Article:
Sweden currently recycles or reuses an incredible 99% of its waste, a figure that surpasses the 2012 record of 96%. The country uses a hierarchical waste management system, which focuses on prevention, reuse, recycling, alternatives to recycling, and as a last resort, landfill disposal. While only 1% of the annual average of 461 kg of waste that each Swede produces, it is still causing controversy, as it involves the incineration of around two million tons of garbage per year.
Norwegians and Swedes are obsessed with caring for nature, its most precious asset.
Sweden and Norway share a model.
While Sweden focuses as a fundamental point on not producing waste as a cornerstone of its system, 32 WTE stations (energy-producing incineration plants) in the country burn almost as much garbage as the country recycles. But it has a trick, because around 800,000 tonnes of rubbish are imported from the UK, Italy, Norway and Ireland, since the Swedes are so efficient and recyclers that they need to import rubbish. The WTE system works from the beginning that three tons of burned garbage contains as much energy as one ton of fuel oil. 950,000 Swedish homes are heated by the energy produced by the system, and 260,000 homes are fully supplied by it.
How has Sweden achieved what they call the recycling revolution?
With collective work and the education of its inhabitants.
By law in Sweden there must be recycling stations in every residential area. Most of the Swedes separate all recyclable waste at home, deposit it in special containers in their homes and then take it to recycling stations.
Everything is recycled, reused or credited. The water is purified until it is drinkable. Special care is also taken in the collection and recycling of electronic waste and hazardous waste.
An example, as Pal Mikkelsen, general director of the municipal agency, tells us:
12% of the waste we use to run our Klemetsrud plant in Oslo is imported.
This Norwegian city has exceeded the capacity to process the waste of its 1.4 million inhabitants and now has to import garbage from other countries to power the plants that generate heat and electricity to the city.
How garbage is turned into electricity.
Despite criticism of the cremation program, its defenders are quick to defend it. Anna-Carin Gripwall, Head of the Swedish Waste Management System explains,
“When waste is in landfills, leaking methane gas and other greenhouse gases, it is obvious that it is not good for the environment. Waste-to-energy (WTE: garbage to energy) is a smart alternative, with a lower environmental impact, taking into account both the by-products of incineration and transport emissions. Furthermore, energy recovery from waste exploits a resource that would otherwise be lost.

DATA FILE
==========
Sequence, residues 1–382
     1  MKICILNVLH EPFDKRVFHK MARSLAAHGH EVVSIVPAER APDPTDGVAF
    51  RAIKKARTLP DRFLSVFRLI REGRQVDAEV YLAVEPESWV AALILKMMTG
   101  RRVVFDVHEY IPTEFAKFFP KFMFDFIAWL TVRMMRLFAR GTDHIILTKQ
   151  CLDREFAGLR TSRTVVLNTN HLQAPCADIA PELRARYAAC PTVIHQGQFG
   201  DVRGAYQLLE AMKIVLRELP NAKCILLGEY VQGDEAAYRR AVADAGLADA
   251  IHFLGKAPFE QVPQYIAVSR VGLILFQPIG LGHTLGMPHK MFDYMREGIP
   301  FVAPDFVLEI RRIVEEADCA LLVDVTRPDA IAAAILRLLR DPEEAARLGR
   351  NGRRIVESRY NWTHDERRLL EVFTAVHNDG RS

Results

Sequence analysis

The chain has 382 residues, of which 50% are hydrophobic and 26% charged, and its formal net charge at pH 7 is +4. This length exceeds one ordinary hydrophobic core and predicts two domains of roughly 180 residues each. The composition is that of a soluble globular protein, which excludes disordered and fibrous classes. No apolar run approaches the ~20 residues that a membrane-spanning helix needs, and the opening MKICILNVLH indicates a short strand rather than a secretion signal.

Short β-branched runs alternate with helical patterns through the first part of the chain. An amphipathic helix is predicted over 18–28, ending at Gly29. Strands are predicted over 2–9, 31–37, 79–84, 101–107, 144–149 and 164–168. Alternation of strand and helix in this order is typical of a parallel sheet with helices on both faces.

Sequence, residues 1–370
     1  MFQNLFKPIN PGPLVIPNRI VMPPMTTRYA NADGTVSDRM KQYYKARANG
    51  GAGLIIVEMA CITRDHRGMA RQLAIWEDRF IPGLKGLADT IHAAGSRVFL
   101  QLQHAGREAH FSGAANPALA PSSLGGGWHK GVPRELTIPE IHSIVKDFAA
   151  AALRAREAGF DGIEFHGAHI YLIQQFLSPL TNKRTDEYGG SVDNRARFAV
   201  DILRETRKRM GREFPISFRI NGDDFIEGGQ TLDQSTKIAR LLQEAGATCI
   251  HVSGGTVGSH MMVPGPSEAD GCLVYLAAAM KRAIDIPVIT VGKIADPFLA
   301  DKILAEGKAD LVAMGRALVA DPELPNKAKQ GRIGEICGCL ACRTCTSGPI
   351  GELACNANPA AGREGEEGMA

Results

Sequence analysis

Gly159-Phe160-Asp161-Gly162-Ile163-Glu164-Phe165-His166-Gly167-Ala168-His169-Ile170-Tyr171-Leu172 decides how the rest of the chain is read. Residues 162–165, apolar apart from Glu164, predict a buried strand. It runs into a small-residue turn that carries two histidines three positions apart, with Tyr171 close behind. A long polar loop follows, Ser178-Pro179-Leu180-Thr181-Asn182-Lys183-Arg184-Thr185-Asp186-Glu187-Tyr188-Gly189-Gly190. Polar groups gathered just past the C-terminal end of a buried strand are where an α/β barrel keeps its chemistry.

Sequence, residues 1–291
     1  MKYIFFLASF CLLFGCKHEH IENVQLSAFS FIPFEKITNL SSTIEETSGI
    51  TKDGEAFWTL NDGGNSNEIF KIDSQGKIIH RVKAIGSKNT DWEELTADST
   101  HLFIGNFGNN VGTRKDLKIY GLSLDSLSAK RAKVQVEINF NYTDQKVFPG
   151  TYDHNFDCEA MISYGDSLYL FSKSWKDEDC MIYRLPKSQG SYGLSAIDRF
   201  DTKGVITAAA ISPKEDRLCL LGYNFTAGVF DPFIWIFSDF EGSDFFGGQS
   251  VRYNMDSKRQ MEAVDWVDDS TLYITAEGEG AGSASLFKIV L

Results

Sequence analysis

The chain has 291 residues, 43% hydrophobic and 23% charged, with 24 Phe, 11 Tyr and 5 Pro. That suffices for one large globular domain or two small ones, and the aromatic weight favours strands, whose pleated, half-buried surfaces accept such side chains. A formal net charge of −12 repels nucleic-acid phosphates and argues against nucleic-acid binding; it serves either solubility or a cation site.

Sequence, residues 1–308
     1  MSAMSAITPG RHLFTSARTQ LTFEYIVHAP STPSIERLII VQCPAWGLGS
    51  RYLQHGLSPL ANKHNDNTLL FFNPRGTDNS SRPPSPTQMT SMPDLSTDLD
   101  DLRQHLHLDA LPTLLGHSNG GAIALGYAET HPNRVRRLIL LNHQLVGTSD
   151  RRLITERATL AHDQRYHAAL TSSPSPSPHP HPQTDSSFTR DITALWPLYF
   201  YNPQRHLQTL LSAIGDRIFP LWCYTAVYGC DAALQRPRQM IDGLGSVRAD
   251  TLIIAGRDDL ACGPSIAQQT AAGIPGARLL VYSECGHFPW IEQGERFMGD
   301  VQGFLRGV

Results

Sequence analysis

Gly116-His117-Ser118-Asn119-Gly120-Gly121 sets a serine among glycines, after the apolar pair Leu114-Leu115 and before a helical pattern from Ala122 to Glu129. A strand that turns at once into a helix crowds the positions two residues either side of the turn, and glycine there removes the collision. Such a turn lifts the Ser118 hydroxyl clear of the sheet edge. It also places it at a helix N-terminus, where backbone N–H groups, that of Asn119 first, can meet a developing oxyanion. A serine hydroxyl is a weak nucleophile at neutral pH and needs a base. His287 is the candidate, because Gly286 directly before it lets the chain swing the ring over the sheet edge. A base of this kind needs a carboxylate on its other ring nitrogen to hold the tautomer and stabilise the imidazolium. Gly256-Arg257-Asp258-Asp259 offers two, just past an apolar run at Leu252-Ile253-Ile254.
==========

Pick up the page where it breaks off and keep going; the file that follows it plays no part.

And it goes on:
The Swedes know that such a program is only feasible in a country with a good waste separation system, to ensure that recyclable materials, food and other hazardous waste such as batteries, light bulbs and electrical waste are not incinerated. They are also clear that the best long-term solution to waste management is to produce less waste in the first place.
The process that is followed to convert garbage into electricity is very simple. First, an optical reader separates the bags by color (in these countries they separate the waste by colored bags). The blue ones, with plastics, are sent to recycling plants to take advantage of the material. The green ones, with food scraps, are used to obtain fertilizers, compost and the biogas used by buses. The white ones go to incineration in a furnace of 850 ° C.
The heat produced boils water and its steam has two functions: it moves a turbine to generate electricity that is used in schools and feeds the municipal heating network.
After incineration, 20% of the garbage entered turns into ashes which are buried.
Actually importing garbage is good business. The Norwegians, for example, charge the English between $30 and $40 per ton to import their garbage ready to incinerate (without plastic, metal or glass).
For Göran Skoglund from WTE Öresundskraft:
“The world has a garbage problem, no one doubts that, but in the meantime, incineration to produce energy from waste is a good solution. It also helps reduce the country’s dependence on fossil fuels “
What is also clear is that either we drastically reduce our global garbage production or the problem will not have a solution in a short time, planet earth will be a dump of global proportions.
Some facts about Swedish recycling:
- 96% of garbage is recycled or diverted to incineration plants.
- 250 thousand homes are supplied with electricity generated by garbage and 20% of the homes have heating from garbage treatment.
- Finally, public landfills in Sweden only receive 4% of their waste.
- In the houses they separate: organics, metals, batteries, colored glass, transparent glass, hard plastic, soft plastic, cardboard and Tetra Pak, papers, newspapers and magazines.
- The mysterious and puzzling “death of the Kiwi”
- Plans to build furniture reusing pallets
- Great initiative: A website to donate and find for free! wood and pallets
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